Armed with this information, one could make some predictions about Great Wall China, which An opened decades ago, sold and then reacquired about a year ago: You could assume the food would be good, like at Sakura; that sports posters and whatnot would be scattered around the restaurant; and that An would do an annoying Luis Gonzalez commercial for Great Wall, too.
If you'd have made these predictions, you'd be batting 1.000.
Since repurchasing Great Wall China (yes, the "of" is missing from the name, for some reason), An--whose mug adorns the restaurant's sign along Craycroft Road and the cover of the menus--has put a lot of work into the place, and Tucson's all the better for it. As a matter of fact, Great Wall China deserves to be part of the discussion regarding Tucson's best Chinese restaurants. It's that good.
The menu is packed with options you'd expect, including the requisite lunch specials ($6.95 to $9.95), and some things you might not expect, like the lobster with black bean sauce ($39.95) and some Korean-style dishes. The only thing the expansive menu lacks is a substantial selection of vegetarian items. That's not to say that non-meat-eaters will go hungry at Great Wall; four "vegetarian's delight" entrées do join a handful of other options, but the vegetarian menu is not as extensive as you'd find at other area Chinese joints.
However, you probably wouldn't find such fine service or a setting that's as clean and nice (including flat-screen TVs, a full bar and, yes, lots of sports posters) at those other restaurants, either.
Garrett and I started off our dinner visit with the potstickers ($5.95) and the war wonton soup ($9.95). The pleasant and knowledgeable server delivered the food to our table in no time, and we were soon enjoying the eight perfectly fried pork dumplings, presented in a somewhat spartan style on a bed of cabbage on a white plate, with a soy-vinegar sauce in the middle. The soup's flavor wasn't overpowering, but it featured numerous subtle nuances and a whole lot of ingredients: pork, shrimp (with tails still on), chicken, several different types of mushrooms, zucchini, bamboo shoots, broccoli, snow peas, bok choy, carrots, water chestnuts, etc. It was packed, and all of the ingredients retained just a bit of crispness.
Just as we were finishing the soup, our entrées arrived: my chicken and vegetables with hot sauce ($14.95), and Garrett's house pan-fried noodles ($13.95). My dish was only OK. On the plus side, the vegetables--many of the same ones found in the war wonton soup--were again fresh and wonderfully prepared. On the minus side, some of the breaded chicken pieces were a little tough, and the brown sauce that covered everything had a healthy kick, but not very much flavor. Subtle is a good thing, but in this case, there was too much of a good thing.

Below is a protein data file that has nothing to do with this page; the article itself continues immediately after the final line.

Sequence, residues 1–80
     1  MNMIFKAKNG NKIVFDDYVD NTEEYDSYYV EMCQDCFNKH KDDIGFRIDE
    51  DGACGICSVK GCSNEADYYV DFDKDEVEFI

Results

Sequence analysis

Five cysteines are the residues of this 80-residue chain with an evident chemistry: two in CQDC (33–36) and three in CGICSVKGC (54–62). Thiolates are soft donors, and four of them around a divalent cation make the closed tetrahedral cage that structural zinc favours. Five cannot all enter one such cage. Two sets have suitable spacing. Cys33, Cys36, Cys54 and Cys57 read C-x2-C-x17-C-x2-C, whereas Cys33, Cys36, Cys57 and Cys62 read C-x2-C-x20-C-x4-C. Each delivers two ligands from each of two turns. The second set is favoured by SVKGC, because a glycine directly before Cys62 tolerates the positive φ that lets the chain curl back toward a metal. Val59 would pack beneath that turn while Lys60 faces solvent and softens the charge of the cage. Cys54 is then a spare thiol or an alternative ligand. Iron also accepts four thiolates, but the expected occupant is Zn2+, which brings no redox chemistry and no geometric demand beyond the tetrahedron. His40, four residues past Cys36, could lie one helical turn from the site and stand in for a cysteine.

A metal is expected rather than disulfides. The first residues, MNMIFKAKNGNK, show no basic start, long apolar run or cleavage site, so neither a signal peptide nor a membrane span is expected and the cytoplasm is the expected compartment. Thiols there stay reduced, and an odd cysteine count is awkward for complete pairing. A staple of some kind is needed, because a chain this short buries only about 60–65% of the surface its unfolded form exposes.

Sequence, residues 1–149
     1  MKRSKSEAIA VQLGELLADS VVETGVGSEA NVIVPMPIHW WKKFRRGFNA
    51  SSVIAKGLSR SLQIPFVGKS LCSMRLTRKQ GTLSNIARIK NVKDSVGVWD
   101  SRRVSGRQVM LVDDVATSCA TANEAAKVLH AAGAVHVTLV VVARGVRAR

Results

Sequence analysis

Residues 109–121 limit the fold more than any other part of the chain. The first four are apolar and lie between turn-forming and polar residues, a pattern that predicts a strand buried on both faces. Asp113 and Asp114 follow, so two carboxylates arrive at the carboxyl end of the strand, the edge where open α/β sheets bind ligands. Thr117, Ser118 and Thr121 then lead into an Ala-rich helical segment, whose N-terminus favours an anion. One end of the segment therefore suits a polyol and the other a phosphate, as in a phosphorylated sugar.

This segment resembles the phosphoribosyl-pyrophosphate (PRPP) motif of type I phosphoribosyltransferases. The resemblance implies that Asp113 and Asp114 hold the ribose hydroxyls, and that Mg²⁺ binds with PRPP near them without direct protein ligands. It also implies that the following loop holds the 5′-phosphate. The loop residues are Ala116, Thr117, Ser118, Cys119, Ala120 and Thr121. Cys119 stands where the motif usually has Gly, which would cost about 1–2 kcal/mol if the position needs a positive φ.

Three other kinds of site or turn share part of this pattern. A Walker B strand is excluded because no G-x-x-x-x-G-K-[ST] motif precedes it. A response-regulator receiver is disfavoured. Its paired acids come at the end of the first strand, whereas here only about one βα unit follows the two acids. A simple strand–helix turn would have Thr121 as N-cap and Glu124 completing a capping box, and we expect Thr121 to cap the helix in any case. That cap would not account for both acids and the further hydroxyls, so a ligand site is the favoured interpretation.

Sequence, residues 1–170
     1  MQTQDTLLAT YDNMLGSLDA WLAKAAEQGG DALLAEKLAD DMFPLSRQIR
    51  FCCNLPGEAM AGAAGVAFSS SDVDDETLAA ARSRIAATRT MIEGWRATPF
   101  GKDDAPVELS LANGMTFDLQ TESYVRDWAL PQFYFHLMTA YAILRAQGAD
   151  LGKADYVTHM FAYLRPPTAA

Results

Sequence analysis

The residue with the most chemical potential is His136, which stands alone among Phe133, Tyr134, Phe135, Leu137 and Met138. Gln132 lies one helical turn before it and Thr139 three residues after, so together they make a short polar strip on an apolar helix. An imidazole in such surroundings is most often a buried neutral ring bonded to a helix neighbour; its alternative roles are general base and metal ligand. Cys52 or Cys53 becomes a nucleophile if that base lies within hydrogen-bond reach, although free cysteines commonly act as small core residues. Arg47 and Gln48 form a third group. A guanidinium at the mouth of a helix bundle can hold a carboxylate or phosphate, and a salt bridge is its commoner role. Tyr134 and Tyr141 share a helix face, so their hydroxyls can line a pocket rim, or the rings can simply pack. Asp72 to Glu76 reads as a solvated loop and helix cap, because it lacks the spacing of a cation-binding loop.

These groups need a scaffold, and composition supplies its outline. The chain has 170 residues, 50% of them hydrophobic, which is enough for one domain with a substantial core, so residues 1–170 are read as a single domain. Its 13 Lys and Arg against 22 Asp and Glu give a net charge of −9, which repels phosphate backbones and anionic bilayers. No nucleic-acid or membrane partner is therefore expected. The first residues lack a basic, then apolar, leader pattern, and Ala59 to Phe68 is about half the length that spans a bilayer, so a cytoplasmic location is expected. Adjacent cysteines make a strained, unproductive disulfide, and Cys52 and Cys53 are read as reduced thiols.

While I ate my so-so dish, Garrett was thrilled with his pan-fried noodles. To quote him: "I've been looking for these for a long time." The thin egg noodles had a perfect consistency--mostly cooked through, with just a hint of crunchiness here and there--and the co-starring beef, chicken, shrimp and veggies were fantastic. Like my dish, Garrett's dish featured a brown sauce; it tasted similar to the sauce on my dish, but it had a lot more of a tasty, earthy flavor. One other thing about his dish: It was huge. This could have fed two people, maybe three; much of it came home in a to-go container, and became a tasty lunch the next day.
Neither of the dessert options--ice cream ($2) and a crispy rice/banana/ice cream dish ($7.95)--sounded appealing, so we paid the bill and left, both quite satisfied.
Irene Messina joined me a couple of days later for lunch. Whereas only a handful of other dining parties shared Great Wall with Garrett and me for dinner, the restaurant was a good three-quarters full during our lunch visit--with a good chunk of that business coming from the practically adjacent Davis-Monthan Air Force Base. The crowd didn't affect the service, though; it was again fast and friendly.
We started with some tasty (if a little too dominated by cream cheese) crab puffs ($5.95). I then ordered the sesame chicken lunch special ($7.95), which came with soup (egg drop or hot and sour; I chose the latter); a pork egg roll; a chicken wing; and fried, white or brown rice (I chose the former). Irene ordered the shrimp with cashew nuts ($14.95). The soup--an average version of the Chinese-restaurant staple--and the meaty, satisfying egg roll were delivered within a couple of minutes, as was the so-so chicken wing. And not too long after that, the main courses arrived.
Both Irene and I liked our lunches. While the fried rice was surprisingly bland, my sesame chicken was fantastic. Whereas some restaurants' renditions of sesame chicken tend to be overly sweet, this one was spot-on. The chicken was surrounded by bright green broccoli that was just a tad undercooked--just the way I like it. Irene, meanwhile, was happy with her shrimp. She liked the fact that the sauce was tasty, but not overpowering. I stole a bite and agreed; the sauce picked up a lot of the flavor of the red and green bell peppers that resided next to the shrimp, cashews, onions and other vegetables.
It seems that Luis Gonzalez's "dad" has another winner on his hands--a winner that a city starved for good Chinese food should be happy to have back.